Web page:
The strategic priority has changed from ‘delivering value to customers (in the form of marketable products) to delivering value to creditors and shareholders’ (Gleadle et al. 2014: 71). In the past firms would re-invest profits in their companies to develop new products and retain skilled personnel, but now most of the profits go to the creditors and institutional investors such as State Street and Black Rock that own majority shares (Busfield 2020). The three largest makers of N95 respirator masks, 3M, Honeywell and Kimberly-Clark, have also pursued this financialized approach and have tightly held the multiple patents on the masks (Lazonick and Hopkins 2020). Critical shortages of personal protective equipment such as N95 masks and ventilators have been partly due to the exclusive rights that IP confers. This has slowed down the production and distribution of this vital PPE. Ventilator production was hampered when larger firms acquired smaller innovative companies that were producing affordable ventilators in order to quash the potential competition and maintain the larger firms’ higher prices (Kulish et al. 2020).

Intellectual Monopoly Capitalism and Access to Medicines

In the late 1970s and early 1980s, US-based IP owners lobbied for regulatory and legislative reform to expand IP protection. Pharmaceutical, software, publishing and entertainment producers argued that their industries provided America with competitive advantages in global markets. They sought the incorporation of IP into the trade regime to ensure that their IP would be remunerated in global markets and that trading partners would respect and enforce their ‘rights’. By 1994 IP owners had succeed in globalizing their preferences through the Agreement on Trade-Related Intellectual Property Rights (TRIPs) in the World Trade Organization (Sell 2003). TRIPs is hard law; it is binding and enforceable. It mandates 20 years of patent protection for pharmaceutical products. Violations result in trade sanctions.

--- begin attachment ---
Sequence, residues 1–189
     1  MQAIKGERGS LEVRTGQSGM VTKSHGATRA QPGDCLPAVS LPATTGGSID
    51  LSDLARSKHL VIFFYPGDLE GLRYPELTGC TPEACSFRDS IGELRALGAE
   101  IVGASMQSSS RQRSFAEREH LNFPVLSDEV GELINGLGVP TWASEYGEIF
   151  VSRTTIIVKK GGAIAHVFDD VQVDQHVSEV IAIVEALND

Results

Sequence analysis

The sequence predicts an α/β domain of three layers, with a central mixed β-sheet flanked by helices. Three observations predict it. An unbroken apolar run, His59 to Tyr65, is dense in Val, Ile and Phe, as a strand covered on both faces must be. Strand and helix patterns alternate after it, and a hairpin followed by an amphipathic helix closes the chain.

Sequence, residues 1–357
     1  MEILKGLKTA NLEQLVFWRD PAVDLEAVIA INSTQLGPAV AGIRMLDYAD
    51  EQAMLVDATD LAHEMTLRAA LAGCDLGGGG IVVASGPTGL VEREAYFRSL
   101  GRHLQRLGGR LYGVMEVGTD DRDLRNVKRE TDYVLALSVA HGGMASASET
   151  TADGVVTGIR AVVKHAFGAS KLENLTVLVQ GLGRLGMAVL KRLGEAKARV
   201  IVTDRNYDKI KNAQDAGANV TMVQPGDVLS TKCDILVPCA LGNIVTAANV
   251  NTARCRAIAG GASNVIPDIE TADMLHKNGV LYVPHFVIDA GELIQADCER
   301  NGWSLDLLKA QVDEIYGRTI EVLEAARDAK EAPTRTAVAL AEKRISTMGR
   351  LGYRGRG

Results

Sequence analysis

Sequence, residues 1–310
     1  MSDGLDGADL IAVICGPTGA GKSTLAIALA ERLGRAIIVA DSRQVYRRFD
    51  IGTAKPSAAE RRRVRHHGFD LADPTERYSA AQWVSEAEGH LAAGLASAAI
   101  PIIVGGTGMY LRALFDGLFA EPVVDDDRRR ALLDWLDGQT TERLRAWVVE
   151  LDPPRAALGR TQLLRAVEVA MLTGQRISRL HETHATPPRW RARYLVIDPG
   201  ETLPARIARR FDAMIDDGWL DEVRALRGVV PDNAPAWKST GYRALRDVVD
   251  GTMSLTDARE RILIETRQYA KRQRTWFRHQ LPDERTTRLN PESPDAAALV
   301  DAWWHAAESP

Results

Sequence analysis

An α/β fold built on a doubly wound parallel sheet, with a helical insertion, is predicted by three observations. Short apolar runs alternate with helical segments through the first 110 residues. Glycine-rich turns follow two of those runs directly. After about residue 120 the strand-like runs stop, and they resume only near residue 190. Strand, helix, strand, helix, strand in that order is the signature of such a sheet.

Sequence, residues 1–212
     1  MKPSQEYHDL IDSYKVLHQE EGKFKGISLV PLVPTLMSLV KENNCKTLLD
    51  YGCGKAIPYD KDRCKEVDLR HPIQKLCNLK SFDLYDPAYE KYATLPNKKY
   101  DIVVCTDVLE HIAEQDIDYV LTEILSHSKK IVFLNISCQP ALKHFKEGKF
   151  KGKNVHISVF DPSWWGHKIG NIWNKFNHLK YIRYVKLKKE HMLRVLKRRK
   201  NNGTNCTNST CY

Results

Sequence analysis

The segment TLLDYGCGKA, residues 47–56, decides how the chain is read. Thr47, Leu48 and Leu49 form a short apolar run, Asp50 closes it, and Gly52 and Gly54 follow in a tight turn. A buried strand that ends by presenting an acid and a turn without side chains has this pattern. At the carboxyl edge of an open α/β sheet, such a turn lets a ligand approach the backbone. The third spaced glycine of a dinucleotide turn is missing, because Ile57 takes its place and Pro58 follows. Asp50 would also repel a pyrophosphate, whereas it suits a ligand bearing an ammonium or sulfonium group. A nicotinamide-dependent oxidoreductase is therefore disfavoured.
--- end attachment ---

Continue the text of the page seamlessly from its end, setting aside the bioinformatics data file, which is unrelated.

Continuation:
The institutionalization of intellectual property protection in the global trade regime cemented the shift from Reagan/Thatcher neoliberalism to intellectual monopoly capitalism. When we talk about ‘trade’ these days, we are really discussing the role of intangibles such as IP and financial services. The main beneficiaries of contemporary trade agreements are those who control global value chains (GVCs), including international banks, Big Tech, Big Pharma, Big Food and Transnational Corporations. Lead firms in GVCs promote stricter IP requirements in trade agreements to ‘contain the risk of IP appropriation resulting from the international fragmentation of production’ (Durand and Milberg 2018: 21–22). Most of the post-TRIPs trade agreements in which IP-rich nations are involved feature IP provisions that extend well beyond the TRIPs obligations in the WTO. Today, ‘profitability is a function of a firm’s ability to extract monopoly rents from complex value chains using their control over IPRs’ (Schwartz 2017: 197). For example, Apple extracts the lion’s share of value from every iPad sold whereas the manufacturers in China receive only pennies on the dollar.